35 user 36 critic

Cavite (2005)

Not Rated | | Thriller | 12 March 2005 (USA)
Flying back to his home country, an American man is informed that his mother and sister have been kidnapped and will be killed if he doesn't comply with certain demands.

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Cast overview:
Ian Gamazon ...
Edwin Lagda ...
Running Man - Adam's Dad / Alleyway Victim
Edgar Tancangco ...
Adam's Father
Norma Tancangco ...
Adam's Mother
Quynn Ton ...
Little Sister
Mariza Levario ...
Arguing Voice (voice)
Neill Dela Llana ...
Arguing Voice / Alleyway Assassin
Dominique Gonzalez ...
Ryan Lagda ...
Little Boy Thief / Kidnapped Kid
Nestor B. Casilis ...
Terrorist with Gun
Rico V. Lagda ...
Kidnapped Kid
Robert Sanque ...
Thug in Bathroom
Joven F. Abrenica ...
Thug in Bathroom
Solita R. Nadal ...
Woman on Cell Phone


Adam, a security guard, travels from California to the Philippines, his native land, for his father's funeral. He arrives in Manila. As he waits, a phone rings in his backpack; he answers it, and a male voice tells him that his mother and sister are captives and will be killed if Adam doesn't cooperate. Over the next hour, the voice sends Adam by bus, taxi, motorized tricycle, and on foot through an urban landscape of busy streets, cramped apartments, a fetid squatters' camp, a bank, a cockfighting arena, and a church. Adam's conversations with the voice cover murder, Islam, jihad, rebellion in Mindanao, and his family. What is it Adam will be commanded to do? Will he acquiesce? Written by <jhailey@hotmail.com>

Plot Summary | Add Synopsis


Deliver unspeakable terror or lose everyone you love...




Not Rated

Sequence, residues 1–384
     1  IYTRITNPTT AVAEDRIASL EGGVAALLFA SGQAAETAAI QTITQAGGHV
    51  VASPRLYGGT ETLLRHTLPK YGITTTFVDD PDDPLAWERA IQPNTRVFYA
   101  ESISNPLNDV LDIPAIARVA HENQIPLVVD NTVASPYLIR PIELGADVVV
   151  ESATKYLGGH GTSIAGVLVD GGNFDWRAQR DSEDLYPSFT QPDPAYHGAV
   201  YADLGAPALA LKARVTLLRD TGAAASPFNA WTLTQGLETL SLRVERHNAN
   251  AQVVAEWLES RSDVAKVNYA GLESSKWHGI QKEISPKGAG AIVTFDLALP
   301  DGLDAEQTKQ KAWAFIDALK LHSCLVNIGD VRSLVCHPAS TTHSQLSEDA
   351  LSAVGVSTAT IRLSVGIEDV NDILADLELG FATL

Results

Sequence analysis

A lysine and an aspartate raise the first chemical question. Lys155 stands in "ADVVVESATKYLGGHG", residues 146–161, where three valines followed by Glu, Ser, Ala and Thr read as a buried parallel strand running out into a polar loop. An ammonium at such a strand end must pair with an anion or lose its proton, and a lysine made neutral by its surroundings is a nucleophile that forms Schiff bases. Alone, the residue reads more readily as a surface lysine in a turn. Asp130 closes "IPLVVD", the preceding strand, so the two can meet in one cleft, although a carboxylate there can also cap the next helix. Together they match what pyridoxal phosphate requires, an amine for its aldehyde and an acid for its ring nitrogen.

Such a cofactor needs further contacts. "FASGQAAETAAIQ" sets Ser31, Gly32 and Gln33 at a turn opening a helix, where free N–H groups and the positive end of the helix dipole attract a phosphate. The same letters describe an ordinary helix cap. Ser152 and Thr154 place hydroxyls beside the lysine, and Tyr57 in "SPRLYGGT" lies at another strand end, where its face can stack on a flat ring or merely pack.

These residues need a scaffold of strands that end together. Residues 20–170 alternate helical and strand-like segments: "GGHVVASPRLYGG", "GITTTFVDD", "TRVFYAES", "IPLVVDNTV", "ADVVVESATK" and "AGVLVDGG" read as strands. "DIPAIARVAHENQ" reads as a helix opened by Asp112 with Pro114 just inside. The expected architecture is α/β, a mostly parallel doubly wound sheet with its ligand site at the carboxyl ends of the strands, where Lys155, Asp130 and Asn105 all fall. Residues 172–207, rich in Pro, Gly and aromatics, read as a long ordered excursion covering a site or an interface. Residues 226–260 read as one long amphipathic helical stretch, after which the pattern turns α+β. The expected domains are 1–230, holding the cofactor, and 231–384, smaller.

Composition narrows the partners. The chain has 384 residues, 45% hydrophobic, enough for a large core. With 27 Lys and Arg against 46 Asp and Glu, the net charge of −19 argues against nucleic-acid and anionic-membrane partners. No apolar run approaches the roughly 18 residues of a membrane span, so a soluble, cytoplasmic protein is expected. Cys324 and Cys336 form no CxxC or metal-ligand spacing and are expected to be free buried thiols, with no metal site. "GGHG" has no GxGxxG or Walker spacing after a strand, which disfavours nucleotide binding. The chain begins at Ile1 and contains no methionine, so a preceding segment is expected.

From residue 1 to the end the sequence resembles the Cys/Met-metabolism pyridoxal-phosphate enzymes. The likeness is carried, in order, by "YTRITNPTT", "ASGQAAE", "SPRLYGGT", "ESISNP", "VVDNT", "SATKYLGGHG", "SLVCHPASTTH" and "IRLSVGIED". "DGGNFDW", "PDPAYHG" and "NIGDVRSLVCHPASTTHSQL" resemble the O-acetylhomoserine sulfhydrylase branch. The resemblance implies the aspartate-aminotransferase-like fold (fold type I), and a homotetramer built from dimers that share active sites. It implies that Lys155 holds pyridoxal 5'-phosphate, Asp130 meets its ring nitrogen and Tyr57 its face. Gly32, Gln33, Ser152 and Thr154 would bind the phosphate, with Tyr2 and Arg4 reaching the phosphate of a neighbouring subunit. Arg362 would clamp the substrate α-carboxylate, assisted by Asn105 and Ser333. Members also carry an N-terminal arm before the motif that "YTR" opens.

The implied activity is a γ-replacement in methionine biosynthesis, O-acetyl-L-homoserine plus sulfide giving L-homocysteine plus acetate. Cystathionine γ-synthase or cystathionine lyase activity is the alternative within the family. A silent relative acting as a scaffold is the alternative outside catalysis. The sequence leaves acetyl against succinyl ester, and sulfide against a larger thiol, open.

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Release Date:

12 March 2005 (USA)  »

Filming Locations:


Box Office


$7,000 (estimated)

Opening Weekend:

$16,124 (USA) (26 May 2006)


$70,071 (USA) (4 August 2006)

Company Credits

Production Co:

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Featured in 2006 Independent Spirit Awards (2006) See more »

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User Reviews

Terrorism gets personalized when a Filipino émigré must free his kidnapped family by using himself as the ransom!
12 March 2006 | by (NYC) – See all my reviews

Whatever superlative film-making skills co-director Ian Gamazon has attained over the years are quickly diminished by his average acting ability portraying 'Adam', the lead role of "Cavite." It also makes one wonder just how shallow the Filipino-American acting pool is in this country.

That said, this story is basically an extension of the Hollywood movie "Phone Booth" where a voice on the telephone forces the person on the other end to capitulate to their demands. Of course, "Cavite" takes it one step further by allowing the caller to be a well-known terrorist who not only has Adam's cellphone number but his victim's mother and sister too (after having already executed the father).

The cellphone also allows the action to travel which is technically more visually interesting than watching Colin Farrell sweat it out in one spot (a la "Phone Booth"). Although the voice on the phone purports to be Muslim terrorist leader, the political thriller elements are muted for the most part with the primary action revolving around the making audience watching Adam saunter his way through the city of Cavite (near Manila) on foot until he reaches the point of no return.

The terrorist's final request is the ultimate decision of the Adam's life: be a suicide bomber for the Abu Sayyaf and complete the mission or listen to the sound of your family being killed over the cellphone.

Of course, it'll cost you the price of admission to find out which choice he opted for, but for those not used to cinema verite this may be a hard film to watch. Almost all of the action is shot from either the Adam's POV (self-held camera) or the POV of the cameraman (also hand-held) gamely following behind him. Not for all tastes, but this low-budgeter shows you don't have to have millions of dollars to create suspense, but a better lead actor would have been worth a fortune.

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